What We Can Learn from Ultima Thule

What a way to celebrate the New Year!

While lots of folks were drinking, watching the ball drop, or singing “Auld Lang Syne,” the astronomically oriented among us were gleeful casting our imaginations out to the edge of the solar system. Out there, where the Sun barely appears as more than just another star, the New Horizons space probe was making contact with the most distant object we’ve ever visited.

It was strangely appropriate.  At the one moment in the year when we’re prone to reflect on our journey through time, New Horizons was revealing an object whose very essence is time.

The was Ultima Thule, shown at the top of this page in three images released by NASA. Astronomers are calling it a Kuiper Belt Object (KBO). The Kuiper Belt is, essentially, a region of construction debris that extends far beyond the orbit of Neptune. It’s far beyond Pluto, the “dwarf planet” that’s also considered a KBO.

Astronomers have recognized the Kuiper Belt as part of the “3rd region” of the solar system (the 1st and 2nd being the zone of inner rocky planets and the zone of outer gas/ice giants). In the image here, we’re in that small inner region nearest the sun. J-S-U-N represent Jupiter, Saturn, Uranus, and Neptune. And the blue dots make up the Kuiper Belt. (Image source: Minor Planet Center, www.cfeps.net and others.)

Most KBOs are smaller objects with sizes of about 100 kilometers (62 miles) across. (By comparison, the Earth has a diameter of 12,700 kilometers, or about 7,900 miles.)

Up until New Year’s Day, all astronomers could see of most Kuiper Belt objects were pinpricks of reflected sunlight. Interrogating that light, scientists inferred that KBOs were bodies composed of rock and ice that were once part of an extended disk surrounding the Sun almost 4.5 billion years ago. The disk had formed, along with the Sun, from a vast cloud of interstellar gas that collapsed under its own gravity. While most of the cloud’s mass ended up in our star, the stuff in the disk became the raw material from which all eight of our solar system’s planets would form.

From grains to boulders to planets

But going from an extended disk of gas and dust to relatively compact planets requires a bunch of intermediary steps. In particular, it requires getting dust grains in the disk to collide together and make bigger dust grains. Then those big dust grains collide to make pebbles. The pebbles then collide to make rocks, and the rocks collide to make boulders, and so on. The process repeats until the formation of what astronomers call planetesimals. This last step matters because Ultima Thule is basically a frozen planetesimal.

Planetesimals are the last big building blocks of planets. Collide a bunch of these together and you’ll end up with an Earth- or Mars-sized body. Collisions of planetesimals are also likely to give you the rocky cores of the giant planets like Jupiter and Saturn. So Kuiper Belt objects are, essentially, ancient pristine planetesmials that were so far out they never had the chance to build up into anything bigger.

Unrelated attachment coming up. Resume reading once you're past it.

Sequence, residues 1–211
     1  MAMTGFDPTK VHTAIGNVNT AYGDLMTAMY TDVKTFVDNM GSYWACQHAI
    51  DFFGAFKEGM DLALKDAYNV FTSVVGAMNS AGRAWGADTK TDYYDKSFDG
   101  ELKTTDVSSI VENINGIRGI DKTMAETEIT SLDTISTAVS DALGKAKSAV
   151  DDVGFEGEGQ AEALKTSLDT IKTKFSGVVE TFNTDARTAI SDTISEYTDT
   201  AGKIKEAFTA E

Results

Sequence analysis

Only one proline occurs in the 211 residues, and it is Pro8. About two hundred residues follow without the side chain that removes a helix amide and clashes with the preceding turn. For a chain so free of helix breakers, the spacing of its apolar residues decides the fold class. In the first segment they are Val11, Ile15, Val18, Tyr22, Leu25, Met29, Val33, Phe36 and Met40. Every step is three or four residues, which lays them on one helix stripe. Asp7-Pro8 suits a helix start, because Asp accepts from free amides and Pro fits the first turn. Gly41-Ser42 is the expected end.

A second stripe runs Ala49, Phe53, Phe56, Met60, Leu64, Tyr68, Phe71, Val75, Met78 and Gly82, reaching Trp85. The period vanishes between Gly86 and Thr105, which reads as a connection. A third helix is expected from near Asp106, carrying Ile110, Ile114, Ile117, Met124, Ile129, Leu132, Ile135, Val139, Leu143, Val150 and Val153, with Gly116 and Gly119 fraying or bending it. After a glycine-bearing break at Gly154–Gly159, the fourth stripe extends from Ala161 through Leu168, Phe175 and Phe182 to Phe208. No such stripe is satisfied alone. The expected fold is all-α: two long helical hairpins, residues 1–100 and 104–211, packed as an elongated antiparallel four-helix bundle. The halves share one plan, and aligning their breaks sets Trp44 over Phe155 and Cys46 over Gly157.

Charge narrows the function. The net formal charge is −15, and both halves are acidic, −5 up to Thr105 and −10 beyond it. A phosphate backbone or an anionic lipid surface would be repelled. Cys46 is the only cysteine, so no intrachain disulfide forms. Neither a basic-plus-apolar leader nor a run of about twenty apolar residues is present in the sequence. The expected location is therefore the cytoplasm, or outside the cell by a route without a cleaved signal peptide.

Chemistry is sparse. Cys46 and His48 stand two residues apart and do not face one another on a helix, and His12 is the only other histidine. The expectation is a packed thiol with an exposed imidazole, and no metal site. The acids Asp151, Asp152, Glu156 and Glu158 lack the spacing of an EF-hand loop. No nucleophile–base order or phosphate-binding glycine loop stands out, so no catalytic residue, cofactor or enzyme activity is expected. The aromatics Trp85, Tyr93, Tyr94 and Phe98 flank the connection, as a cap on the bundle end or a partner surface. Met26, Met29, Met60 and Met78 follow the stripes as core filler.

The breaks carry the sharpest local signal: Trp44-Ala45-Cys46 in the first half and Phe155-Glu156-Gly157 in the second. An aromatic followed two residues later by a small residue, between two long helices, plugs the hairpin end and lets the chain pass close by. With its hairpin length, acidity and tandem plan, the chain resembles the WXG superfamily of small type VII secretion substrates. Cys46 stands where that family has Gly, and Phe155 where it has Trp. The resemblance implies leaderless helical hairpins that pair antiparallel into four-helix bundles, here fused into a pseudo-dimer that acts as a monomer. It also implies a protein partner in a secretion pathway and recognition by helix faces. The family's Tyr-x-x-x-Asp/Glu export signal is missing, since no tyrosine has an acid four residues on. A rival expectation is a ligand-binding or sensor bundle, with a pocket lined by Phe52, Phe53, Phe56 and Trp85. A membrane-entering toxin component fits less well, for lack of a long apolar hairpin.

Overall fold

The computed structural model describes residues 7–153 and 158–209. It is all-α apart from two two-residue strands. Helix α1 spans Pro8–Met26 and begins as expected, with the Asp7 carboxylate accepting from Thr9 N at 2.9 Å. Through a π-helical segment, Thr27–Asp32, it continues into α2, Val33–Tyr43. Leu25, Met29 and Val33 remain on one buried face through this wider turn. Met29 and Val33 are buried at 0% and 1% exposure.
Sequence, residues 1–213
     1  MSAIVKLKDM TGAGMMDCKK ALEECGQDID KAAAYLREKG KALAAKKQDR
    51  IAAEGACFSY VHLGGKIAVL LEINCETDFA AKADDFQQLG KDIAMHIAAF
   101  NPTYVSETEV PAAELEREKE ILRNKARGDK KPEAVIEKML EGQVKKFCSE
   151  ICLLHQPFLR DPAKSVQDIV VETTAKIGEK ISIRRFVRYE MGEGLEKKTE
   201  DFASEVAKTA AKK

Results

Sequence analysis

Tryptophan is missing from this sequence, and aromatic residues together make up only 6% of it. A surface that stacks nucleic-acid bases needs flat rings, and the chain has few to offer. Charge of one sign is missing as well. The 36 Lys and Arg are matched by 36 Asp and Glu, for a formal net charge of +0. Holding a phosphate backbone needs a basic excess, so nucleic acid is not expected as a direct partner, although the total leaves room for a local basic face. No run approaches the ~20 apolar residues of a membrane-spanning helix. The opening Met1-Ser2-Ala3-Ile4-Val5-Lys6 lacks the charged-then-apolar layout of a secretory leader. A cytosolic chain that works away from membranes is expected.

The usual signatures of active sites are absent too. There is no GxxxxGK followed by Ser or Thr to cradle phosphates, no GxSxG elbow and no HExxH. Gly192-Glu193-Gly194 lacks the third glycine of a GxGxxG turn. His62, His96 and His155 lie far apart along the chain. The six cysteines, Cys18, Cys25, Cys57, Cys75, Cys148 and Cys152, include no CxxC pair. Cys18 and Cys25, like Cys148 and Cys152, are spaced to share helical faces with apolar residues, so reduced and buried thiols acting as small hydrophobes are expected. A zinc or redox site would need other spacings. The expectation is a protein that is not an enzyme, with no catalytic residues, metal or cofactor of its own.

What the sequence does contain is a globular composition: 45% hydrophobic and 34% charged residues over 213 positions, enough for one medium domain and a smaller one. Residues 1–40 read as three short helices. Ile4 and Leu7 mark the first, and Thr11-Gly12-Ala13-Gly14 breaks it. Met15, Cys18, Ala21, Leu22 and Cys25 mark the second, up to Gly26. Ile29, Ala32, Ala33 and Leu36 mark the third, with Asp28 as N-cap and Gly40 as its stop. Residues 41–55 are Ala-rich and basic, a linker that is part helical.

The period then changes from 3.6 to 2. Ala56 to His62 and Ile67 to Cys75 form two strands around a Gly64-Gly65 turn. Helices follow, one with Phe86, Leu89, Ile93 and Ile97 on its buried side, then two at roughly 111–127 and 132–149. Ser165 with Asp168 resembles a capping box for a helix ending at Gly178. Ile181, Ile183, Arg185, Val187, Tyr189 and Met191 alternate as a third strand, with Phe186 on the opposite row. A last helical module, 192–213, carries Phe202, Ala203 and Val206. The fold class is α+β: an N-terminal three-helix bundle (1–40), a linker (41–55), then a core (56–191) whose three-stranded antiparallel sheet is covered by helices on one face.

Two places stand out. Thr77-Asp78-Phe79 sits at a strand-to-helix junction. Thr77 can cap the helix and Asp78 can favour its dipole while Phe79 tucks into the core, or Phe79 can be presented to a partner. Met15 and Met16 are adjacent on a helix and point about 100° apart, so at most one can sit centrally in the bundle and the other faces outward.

Pristine is the key word here. Unlike the asteroids traversing the inner parts of the solar system, a KBO like Ultima Thule has spent the last 4.5 billion years relatively undisturbed. It hasn’t been hammered by energetic particles from the solar wind or gotten yanked toward the sun via gravitational tugs from other bodies. The Kuiper Belt is a cold, dark, and lonely domain, and that makes our first view of Ultima Thule just as much about seeing time as it is about seeing an old slushy rock.

A mottled snowman

It’s hard for us to really digest the weight of time’s long march. We can easily imagine it measured in life spans: our parents or their parents. But try extending that view back past a few generations, and our vision quickly dims. We can, of course, turn to history to imagine Elizabethan England or the Rome of Emperor Augustus. We can run movies in our heads about what life was like back then. But really feeling the connection between those moments and ours as one continuously running stream of time exhausts our imaginative capacities.

It gets worse when we try and run the movie back 1 million or 100 million years into the past, where all we have are museum diorama images of saber-toothed tigers or dinosaurs to work with. Getting those images is actually the main reason we visit natural history museums. We stand there in front of those T-Rex skeletons and gain a moment’s recognition of all those moments, piled on top each other in an impossible heap. All those moments leading somehow from that creatures’ world to our own.

But that’s the real message Ultima Thule has for us. As New Horizons zoomed past it at 30,000 miles per hour, the probe sent back its first image—revealing it as two red, mottled spherical bodies grafted together like a snowman.

A lot of science will come from that image. But for now, we can use it as reminder of something more than science—by focusing that key word “pristine.” Ultima Thule takes us far, far back in time, to the “world” before there were any worlds at all, a time when the solar system itself was still fetal.

The weight of all that time, of all those moments, is what Ultima Thule wants us to remember. Because somehow all of it led directly to our time, right now. We should all keep that in mind, so we don’t waste it.

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Frank is a professor of astrophysics at the University of Rochester.